by Dr. Terry Stoops
Director of the Center for Effective Education, John Locke Foundation
Mike Antonucci published his annual state-by-state breakdown of National Education Association membership numbers. Overall, 2019 was not a good year for the nation’s largest teacher union.
A full year after the U.S. Supreme Court’s Janus ruling, the National Education Association saw a decline of 32,773 members from the public school workforce, according to the union’s financial reports.
The N.C. Association fo Educators (NCAE) lost a third of its active membership (32.3%) over the last five years, second only to the 53.6% drop in Nevada.
NCAE membership dropped by 4.4% between 2018 and 2019. That is surprising. The union led a Red4Ed protest in Raleigh on May 16, 2018, and many thought that the event (and the positive press that it received from state and national publications) would lead to an uptick in membership. In fact, few Red4Ed states were able to translate their activism into meaningful membership gains. Antonucci writes,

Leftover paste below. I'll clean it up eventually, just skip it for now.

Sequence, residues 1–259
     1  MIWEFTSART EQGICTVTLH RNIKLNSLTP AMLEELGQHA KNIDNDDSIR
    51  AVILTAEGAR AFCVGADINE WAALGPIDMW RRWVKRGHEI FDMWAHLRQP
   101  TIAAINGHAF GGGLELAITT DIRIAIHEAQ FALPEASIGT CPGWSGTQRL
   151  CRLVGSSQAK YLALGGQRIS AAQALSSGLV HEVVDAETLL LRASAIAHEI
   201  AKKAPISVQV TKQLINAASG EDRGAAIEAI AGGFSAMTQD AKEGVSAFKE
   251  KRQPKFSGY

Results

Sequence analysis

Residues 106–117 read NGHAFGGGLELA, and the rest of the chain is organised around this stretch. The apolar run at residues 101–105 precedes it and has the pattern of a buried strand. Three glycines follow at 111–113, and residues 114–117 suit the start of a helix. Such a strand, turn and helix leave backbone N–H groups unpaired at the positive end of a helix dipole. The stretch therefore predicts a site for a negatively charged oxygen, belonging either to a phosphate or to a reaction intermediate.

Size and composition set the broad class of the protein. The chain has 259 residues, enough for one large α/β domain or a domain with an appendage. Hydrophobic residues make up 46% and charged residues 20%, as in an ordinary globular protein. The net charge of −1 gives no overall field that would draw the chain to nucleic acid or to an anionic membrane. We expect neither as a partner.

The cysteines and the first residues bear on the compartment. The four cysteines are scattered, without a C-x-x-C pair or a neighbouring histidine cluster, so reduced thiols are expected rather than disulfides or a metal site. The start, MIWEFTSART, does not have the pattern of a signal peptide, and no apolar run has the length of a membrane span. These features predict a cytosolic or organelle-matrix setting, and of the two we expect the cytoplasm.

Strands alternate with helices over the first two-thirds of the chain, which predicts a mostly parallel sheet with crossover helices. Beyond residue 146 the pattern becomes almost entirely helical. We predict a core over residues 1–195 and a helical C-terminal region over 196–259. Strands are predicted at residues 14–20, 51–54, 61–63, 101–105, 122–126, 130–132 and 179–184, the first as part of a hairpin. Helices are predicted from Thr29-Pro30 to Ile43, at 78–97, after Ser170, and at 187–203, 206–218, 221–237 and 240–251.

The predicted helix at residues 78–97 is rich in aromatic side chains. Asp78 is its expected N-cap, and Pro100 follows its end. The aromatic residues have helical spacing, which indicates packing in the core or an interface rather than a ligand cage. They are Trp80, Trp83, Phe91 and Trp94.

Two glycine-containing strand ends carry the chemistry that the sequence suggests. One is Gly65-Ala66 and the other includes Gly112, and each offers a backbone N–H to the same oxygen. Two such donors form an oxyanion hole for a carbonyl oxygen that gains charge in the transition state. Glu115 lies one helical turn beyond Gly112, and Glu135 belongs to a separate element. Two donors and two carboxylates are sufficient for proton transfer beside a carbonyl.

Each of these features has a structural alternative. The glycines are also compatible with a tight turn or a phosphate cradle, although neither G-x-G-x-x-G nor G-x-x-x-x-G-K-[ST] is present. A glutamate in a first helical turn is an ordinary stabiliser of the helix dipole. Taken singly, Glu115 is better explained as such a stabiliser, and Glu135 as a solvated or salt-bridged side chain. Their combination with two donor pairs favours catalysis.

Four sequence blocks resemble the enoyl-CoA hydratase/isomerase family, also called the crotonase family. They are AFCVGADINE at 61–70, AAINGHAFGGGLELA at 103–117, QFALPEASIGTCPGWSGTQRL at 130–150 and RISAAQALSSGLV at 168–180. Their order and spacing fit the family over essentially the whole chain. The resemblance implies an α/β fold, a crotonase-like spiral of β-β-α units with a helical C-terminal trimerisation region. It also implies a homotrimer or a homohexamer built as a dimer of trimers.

The effect of the #RedForEd movement on union membership continues to be mixed. NEA membership in Arizona and Colorado benefited greatly from increased teacher activism. But membership in Kentucky, North Carolina, Oklahoma and West Virginia fell.
Antonucci found that the NCAE has 24,630 fewer members in 2019 than it did in 1994.